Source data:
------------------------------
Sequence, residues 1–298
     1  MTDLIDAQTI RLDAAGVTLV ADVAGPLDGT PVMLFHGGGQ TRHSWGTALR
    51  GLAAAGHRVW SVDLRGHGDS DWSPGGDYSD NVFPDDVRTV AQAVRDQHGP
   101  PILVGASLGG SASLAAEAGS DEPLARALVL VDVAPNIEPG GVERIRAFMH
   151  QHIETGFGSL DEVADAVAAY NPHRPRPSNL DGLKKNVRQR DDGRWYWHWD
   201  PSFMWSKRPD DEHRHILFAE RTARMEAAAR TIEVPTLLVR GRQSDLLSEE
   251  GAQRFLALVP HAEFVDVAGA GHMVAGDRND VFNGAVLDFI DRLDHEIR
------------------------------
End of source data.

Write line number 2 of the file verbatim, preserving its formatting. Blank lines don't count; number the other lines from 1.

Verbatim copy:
     1  MTDLIDAQTI RLDAAGVTLV ADVAGPLDGT PVMLFHGGGQ TRHSWGTALR